The Kenya Coast

Some of the first contacts between East Africa and the wider world were along what is now the Kenyan coast. The monsoon winds dictated the Indian Ocean’s annual trading calendar: merchant ships arrived from the Persian Gulf and the Arabian peninsula, but had to wait for the annual change in the wind to return home. So they anchored here, in the creeks and ports, for months at a time. Such a long stay in Kenya might turn anyone’s head and, every season, some visitors chose to settle on the coast.

Over the course of the first millennium AD, Swahili society was born – still today a vibrant and complex cultural mix of African roots and imported styles; a classic Bantu language with hundreds of Arabic loan words; and a highly nuanced class structure in which claims of overseas ancestry are as critical to high-status families as they are to the Norman aristocracy in Britain or to American descendants of the Mayflower pilgrims.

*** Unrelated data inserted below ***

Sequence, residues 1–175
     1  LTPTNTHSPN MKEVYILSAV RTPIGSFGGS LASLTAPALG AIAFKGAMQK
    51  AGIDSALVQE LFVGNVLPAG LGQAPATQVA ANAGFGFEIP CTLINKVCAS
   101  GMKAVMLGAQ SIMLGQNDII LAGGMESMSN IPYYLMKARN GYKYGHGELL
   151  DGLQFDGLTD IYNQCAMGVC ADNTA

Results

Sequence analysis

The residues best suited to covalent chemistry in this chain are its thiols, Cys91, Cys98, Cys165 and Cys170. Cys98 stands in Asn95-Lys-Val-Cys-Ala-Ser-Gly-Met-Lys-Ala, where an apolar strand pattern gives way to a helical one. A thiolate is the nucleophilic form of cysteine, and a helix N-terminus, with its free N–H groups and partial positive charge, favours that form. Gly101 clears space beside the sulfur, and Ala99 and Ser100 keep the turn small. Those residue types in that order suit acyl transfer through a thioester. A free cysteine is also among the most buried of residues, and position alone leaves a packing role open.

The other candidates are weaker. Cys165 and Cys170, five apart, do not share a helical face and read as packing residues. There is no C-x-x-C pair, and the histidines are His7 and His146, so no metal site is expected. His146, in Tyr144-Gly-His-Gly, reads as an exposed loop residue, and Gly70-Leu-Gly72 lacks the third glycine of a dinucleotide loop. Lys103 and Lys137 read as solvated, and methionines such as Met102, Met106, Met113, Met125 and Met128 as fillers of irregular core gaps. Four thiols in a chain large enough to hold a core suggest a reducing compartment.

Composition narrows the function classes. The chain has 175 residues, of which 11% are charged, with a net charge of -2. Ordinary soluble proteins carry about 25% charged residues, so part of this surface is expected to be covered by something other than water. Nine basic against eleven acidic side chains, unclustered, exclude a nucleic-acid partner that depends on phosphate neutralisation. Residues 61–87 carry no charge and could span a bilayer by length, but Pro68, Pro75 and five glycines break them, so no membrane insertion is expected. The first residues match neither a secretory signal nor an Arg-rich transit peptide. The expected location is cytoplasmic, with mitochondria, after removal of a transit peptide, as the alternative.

Fascinating as its history is, most people visit the Kenya coast after the intense experience of a safari, simply to relax on the beach. Kenya beach holidays are the real deal: endless stretches of fine white sand lapped by an azure, bath-warm sea, looking out to the coral reef at the ocean’s edge across a safe expanse of shallow, tidal lagoon. And if you’re in the mood for more wildlife action, a safari in the beautiful Shimba Hills National Park is only a short drive from the coast.


Kenya’s sprawling, traffic-choked capital is an unavoidable stopover on many itineraries, and most people wouldn’t choose to spend longer in Nairobi than necessary. But the city is not nearly as bad as its ‘nairobbery’ reputation might suggest: there are some great hotels and restaurants, and the shopping opportunities – in malls or outdoor curio markets (so-called ‘Maasai markets’) – can be very good. More importantly, Nairobi has some creditable must-sees of its own, of which the standout safari attraction is the remarkable Nairobi National Park, where all the ‘Big Five’, with the exception of elephants, can be seen.

Where to go